How to Dye Hair Purple: Tips and Tricks You Must Know

By on May 30, 2017






If there is one trend that is taking the hair industry by storm, it is undeniably PURPLE! Purple hair- whether it’s a bright and vibrant shade or something more mysterious and relaxed- is something that is very intriguing to the eye. It’s quite a shocking shade, and a good shock at that. If you’re dying to dive into this hair trend, you will need to know ALL of the tips and tricks to achieving your perfect shade.

Can’t wait to dye your hair purple? Here’s what you need to do first:

Know the Shade of Purple That You Want

With tons of different shades of purple to choose from, it can be quite a challenge just deciding on a single shade. Well, the good news is you don’t necessarily have to settle for one shade- mixing and blending two shades together for a more unique blend of purple hues is totally acceptable. But knowing how bright or dark your purple is going to be is a definite must-know before you buy the hair dye.

If you have light brown or blonde hair, options are limitless. Light brown hair (that is almost verging on blonde) and blonde hair (any shade from dark to light) can quickly be transformed to literally any shade of purple. Go dark for something more mysterious and sultry, or go vibrant and out-of-this-world. Even a fun lilac or pastel purple is easily accomplished when dealing with a light hair base.

If you have dark brown or black hair, you are more limited with options: If you have dark hair, you won’t be able to just run to the beauty supply store and take your pick. Unless you are choosing a dark shade of purple, you will have to lighten up your locks before even attempting a light shade of purple.

Bleaching Your Hair Before Dying

Advertisement


As aforementioned, if you have dark hair to begin with you will absolutely need to lighten your locks before applying the purple dye: and yes, I am referring to bleaching.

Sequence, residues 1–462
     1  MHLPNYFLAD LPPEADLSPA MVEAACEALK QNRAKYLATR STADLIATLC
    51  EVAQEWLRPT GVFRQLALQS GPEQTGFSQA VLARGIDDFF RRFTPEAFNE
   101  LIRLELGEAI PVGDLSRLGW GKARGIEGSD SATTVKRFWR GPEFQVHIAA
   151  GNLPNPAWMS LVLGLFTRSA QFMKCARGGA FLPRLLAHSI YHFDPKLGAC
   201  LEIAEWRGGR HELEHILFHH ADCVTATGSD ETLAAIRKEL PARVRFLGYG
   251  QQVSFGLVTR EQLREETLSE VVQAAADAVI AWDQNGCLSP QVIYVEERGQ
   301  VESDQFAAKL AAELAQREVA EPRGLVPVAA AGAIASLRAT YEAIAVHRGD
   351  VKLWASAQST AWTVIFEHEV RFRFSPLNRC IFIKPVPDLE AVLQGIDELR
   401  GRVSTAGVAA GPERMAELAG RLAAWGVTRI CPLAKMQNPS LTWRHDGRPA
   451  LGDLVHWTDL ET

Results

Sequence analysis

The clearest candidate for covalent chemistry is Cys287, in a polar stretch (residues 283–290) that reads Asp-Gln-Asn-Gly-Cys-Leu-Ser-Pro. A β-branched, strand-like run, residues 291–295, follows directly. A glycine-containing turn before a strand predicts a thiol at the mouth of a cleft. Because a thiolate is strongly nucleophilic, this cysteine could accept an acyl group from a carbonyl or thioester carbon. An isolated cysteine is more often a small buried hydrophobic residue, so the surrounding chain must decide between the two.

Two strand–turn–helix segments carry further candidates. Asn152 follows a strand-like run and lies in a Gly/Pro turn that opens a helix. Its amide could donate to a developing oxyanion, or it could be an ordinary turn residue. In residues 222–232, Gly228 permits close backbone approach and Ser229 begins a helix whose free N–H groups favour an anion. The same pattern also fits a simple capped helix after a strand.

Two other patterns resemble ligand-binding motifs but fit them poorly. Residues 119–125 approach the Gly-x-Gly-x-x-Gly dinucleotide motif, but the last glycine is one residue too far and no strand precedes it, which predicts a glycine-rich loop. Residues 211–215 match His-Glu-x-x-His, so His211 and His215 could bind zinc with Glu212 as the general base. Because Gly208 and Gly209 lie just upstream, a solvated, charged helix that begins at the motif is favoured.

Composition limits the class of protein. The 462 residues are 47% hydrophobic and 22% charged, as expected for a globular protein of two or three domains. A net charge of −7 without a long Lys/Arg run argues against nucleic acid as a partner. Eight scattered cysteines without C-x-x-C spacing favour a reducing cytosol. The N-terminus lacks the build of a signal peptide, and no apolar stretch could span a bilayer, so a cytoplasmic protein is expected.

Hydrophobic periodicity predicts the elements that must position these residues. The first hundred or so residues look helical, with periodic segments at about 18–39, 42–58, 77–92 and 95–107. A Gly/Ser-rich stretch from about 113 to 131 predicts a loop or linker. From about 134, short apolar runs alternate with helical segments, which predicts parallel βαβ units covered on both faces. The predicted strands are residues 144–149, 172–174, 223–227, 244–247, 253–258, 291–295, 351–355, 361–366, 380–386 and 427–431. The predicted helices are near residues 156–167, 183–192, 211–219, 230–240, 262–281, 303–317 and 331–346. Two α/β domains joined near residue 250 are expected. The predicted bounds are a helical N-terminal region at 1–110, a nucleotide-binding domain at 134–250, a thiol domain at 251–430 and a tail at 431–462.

Bleaching hair isn’t as hard as it looks, though. All you need to do is buy a box of bleach and mix together the developer and the powder. Once it is thoroughly mixed, part your hair into four equal sections. Make sure you apply the bleach to your hair in a very quick manner; wasting too much time on one section as opposed to the other will mean your hair turns up lighter in different areas, and darker in the others. For this reason, go as fast as you can, but make sure you don’t miss any strands.

Hair that is very dark- black or close to black- will probably need to bleach their hair several times before they actually try to go purple. If that is the case, continue applying the bleach until your hair has reached a light enough hue.

Remember: always make sure you are deeply conditioning your hair before and after bleaching, especially if you have to bleach your hair multiple times. If you need to bleach two or three times, try to space them out as much as possible before your hair becomes too damaged. If hair becomes damaged after just a single use, refrain from further bleaching and try to find another purple shade to enjoy.

What Type of Dye Should I Pick: Temporary, Semi-Permanent, or Permanent?

After deciding on the perfect purple shade, there comes the next decision in the purple process: what type of dye should I buy?

There is really only three options when it comes to hair dyes, and they include: temporary, semi-permanent, and permanent.

Temporary Purple Hair Dye

If you are looking to switch up your style for the short-term and only want it for a couple of days at maximum, you will want to invest in some temporary hair dye.

Advertisement


Temporary purple hair dye is very easy to use, but the problem is it only lasts from one to three washes. (Unless your hair holds on to color very well, in which it MAY last three to six washes).

If you just want to switch it up for a day or have an event to go to, we highly recommend purchasing only a temporary dye. It’s also a great option if you want to see what you will look like with purple hair before going to a permanent solution. After all, going purple is a HUGE change and you want to make sure you like it before you’re stuck with it for several months on end.